Give Us A Kid Till She's 7 and We'll Have Her For Life
The kids are not alright.
Posted March 7, 2013 | Reviewed by Ekua Hagan
The Power of Early Education
Some claim the maxim comes from St. Ignatius Loyola himself. Yet the idea later proclaimed by the Jesuits is very old — give us a child till he’s 7 and we’ll have him for life.
Many years ago, a young son of my ancestors was kidnapped during a Russian pogrom. His father and brother spent years searching — everywhere.
They eventually found him — living as a teenage seminarian in Constantinople. He knew nothing of his family. He had no wish to know. He just wanted to become a Russian Orthodox priest.
It’s not only religious organizations that know the power of early training and indoctrination. So do food companies.
The Future of American Obesity
Clara first saw Happy Soda on TV when she was 2 years old. Everyone looked so glad! The characters, with their funny costumes and big smiles, stood out against the other dozen food ads she watched every day — like any average American child.
And Clara loved that smooth, sugary pull at the back of her throat when she drank the magic liquid. Every time she took a sip she wanted another — though her parents would only allow her tiny. When she was allowed to use a tablet at the age of 4, Clara went looking for Happy Soda. And there it was! All those happy characters. And now they were willing to play just with her.
She played the new game with them — then several, harder games. Every time she won, she felt pleased, watching the characters applauding and laughing with her. She thought about them every time she saw an ad for Happy Soda.
Back to Piaget
Gun and food manufacturers are very big on “personal responsibility.” But what does a 4-year-old know about guns? What 4-year-old knows the health implications of sugared soda?
And their parents working two jobs in a half-dead economy don’t possess infinite time to watch every program they watch, to read with them every text and email.
As Piaget learned in his studies of children several decades ago, kids don’t understand the many differences between advertising and truth, dreams and reality, until perhaps reach age 7 or 8. And those early ideas often stick for a lifetime.
What the Jesuits knew long ago.
Food for Kids
Here are some facts about food and kids, courtesy of Jennifer Harris of the Yale Rudd Center for Food Policy and Obesity and Professor Thomas Robinson of Stanford, as told by pediatrician Perri Klass in the 2/12/13 New York Times. They include items like:
- Give 3- to 5-year-olds identical foods. They identify those in the McDonald’s wrappers as tasting better.
- The 12-14 TV food ads that kids and adolescents see every day emphasize fast foods, sugared drinks and cereals, and candy. Social media like Facebook are the new face of child food advertising.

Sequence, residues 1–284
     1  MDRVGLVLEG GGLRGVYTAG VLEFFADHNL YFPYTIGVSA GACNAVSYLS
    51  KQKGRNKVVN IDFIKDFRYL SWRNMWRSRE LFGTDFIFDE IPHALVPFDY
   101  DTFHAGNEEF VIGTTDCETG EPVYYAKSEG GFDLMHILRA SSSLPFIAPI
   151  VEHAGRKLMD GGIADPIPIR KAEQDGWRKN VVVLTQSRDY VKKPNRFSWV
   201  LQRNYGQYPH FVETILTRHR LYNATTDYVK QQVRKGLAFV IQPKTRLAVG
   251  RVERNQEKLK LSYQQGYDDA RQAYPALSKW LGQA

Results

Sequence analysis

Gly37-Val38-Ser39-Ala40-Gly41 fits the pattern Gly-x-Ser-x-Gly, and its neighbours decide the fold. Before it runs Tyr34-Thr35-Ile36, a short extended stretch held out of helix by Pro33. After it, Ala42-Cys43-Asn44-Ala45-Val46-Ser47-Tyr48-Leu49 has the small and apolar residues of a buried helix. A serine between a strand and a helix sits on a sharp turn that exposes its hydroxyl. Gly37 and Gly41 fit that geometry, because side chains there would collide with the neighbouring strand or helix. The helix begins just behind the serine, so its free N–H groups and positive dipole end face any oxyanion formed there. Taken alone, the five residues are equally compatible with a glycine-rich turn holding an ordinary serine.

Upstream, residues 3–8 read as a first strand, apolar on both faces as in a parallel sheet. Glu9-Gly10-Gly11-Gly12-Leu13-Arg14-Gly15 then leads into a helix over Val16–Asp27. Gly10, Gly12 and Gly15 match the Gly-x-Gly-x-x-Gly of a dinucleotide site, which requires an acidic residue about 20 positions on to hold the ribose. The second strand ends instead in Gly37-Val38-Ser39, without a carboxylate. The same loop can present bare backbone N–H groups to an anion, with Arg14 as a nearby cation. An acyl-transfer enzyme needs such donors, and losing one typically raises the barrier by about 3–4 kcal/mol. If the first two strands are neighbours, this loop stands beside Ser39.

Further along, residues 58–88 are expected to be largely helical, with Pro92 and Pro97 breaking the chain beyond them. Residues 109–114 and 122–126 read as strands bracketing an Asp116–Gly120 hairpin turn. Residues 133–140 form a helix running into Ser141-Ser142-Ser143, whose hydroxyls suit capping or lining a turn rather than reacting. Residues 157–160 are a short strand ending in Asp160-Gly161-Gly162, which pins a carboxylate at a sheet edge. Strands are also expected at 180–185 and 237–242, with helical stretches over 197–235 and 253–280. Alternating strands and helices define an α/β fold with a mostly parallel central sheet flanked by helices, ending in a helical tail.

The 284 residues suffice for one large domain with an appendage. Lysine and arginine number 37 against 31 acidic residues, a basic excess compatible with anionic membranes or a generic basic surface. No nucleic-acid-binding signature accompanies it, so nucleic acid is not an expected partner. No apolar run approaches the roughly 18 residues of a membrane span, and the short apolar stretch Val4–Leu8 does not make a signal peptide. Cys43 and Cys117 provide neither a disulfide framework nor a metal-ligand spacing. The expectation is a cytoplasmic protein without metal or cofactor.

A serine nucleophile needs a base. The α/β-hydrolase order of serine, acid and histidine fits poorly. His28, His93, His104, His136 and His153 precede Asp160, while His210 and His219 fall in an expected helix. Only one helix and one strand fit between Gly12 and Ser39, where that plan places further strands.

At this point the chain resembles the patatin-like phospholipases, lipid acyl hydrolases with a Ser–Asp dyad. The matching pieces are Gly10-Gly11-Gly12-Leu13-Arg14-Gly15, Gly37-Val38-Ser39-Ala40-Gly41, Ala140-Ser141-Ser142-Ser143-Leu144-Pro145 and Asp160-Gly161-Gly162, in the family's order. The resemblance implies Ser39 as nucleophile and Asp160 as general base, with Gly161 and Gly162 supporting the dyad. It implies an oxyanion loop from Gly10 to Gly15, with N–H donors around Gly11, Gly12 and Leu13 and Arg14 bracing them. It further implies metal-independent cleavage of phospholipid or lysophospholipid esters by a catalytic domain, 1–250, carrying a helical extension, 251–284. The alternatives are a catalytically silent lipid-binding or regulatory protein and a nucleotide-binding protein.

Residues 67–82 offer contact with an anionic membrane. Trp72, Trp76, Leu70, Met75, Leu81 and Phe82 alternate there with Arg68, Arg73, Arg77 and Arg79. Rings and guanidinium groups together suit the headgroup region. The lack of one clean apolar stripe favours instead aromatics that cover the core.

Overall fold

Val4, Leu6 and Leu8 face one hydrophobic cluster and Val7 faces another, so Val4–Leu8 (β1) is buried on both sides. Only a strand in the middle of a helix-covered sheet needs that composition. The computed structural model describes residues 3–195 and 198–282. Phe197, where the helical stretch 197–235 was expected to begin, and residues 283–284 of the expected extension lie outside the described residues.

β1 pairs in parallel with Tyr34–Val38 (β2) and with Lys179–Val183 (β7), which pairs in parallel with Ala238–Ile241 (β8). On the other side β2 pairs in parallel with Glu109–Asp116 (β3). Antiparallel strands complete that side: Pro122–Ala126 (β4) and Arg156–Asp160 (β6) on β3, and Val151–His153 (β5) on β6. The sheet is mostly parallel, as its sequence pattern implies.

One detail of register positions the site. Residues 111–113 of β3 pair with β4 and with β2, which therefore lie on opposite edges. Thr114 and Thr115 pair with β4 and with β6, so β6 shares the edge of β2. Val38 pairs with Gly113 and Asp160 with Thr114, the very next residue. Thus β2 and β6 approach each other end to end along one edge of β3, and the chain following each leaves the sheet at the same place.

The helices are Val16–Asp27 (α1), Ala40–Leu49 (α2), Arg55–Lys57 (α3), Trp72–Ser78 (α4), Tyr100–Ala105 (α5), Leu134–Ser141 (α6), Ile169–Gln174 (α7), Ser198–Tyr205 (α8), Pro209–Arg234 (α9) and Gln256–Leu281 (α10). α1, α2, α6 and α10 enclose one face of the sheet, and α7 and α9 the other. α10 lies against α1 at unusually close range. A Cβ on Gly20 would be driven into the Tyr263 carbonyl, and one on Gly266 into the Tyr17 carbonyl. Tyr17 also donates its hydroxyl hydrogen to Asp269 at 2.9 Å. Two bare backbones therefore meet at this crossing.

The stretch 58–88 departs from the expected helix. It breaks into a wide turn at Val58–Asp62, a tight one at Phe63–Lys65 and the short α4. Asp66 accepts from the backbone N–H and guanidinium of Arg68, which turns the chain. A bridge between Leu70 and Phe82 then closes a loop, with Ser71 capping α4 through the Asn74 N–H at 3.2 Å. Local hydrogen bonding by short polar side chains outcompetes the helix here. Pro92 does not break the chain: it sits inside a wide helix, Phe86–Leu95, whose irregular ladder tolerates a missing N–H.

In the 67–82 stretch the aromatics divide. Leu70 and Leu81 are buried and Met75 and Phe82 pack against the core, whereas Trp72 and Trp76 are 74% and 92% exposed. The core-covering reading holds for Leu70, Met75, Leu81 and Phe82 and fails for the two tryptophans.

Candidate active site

- Just one 30 second TV ad can change adherence to a brand.
- Every 20-ounce soda contains 16 tablespoons of added sugar — about twice what adults are told is "safe" to take in each day.
And then there’s the case of Natasha Harris.
A New Zealander, Natasha Harris died three years ago age 30. She left 8 kids.
In his inquest reported by the BBC, the coroner identified Coca Cola as a major factor in her death.
Harris drank about 10 quarts a day of Coke. Her teeth decayed and needed to be pulled. At least one of her children was born without tooth enamel.
But Natasha kept on drinking Coke. Her family said she’d have the shakes, withdrawal symptoms, be angry, on edge, and snappy if she didn’t get her Coke. Arrhythmias followed. A heart attack killed her.
Popular energy drinks recently linked to deaths and arrhythmias also combine sugar and caffeine. Though their individual caffeine doses are usually higher, Coke was one of the original energy drinks.
Sugar promotes appetite. People can’t get enough of it. It easily addicts animals. So does caffeine.
Caffeine withdrawal can be very nasty. But as Coke correctly pointed out in the death of Ms. Harris, the coroner “could not be certain” of what caused Ms. Harris's heart attack.
Nor can anyone be completely certain.
Towards National Bankruptcy
Forget the debt crises, Medicare, and Social Security costs. Selling sugared foods to children so that sugar is required for anything to “taste good” contains the potential promise of widespread bankruptcy. It can bankrupt the health care system and the state that pays for much of it — while leaving employers scrambling to deal with tired, ill, obese, and diabetic employees who don’t work — or innovate — very well.
Four-year-olds don’t know what they’re doing. They don’t understand advertising and can’t understand its claims. Parents cannot and will not be everywhere.
Want to save trillions of dollars? Help save the US Treasury and the economy for decades? Ban food advertising directed to children.
What do we owe our youth? What sort of country do we want to have?
I think we’re going to find out.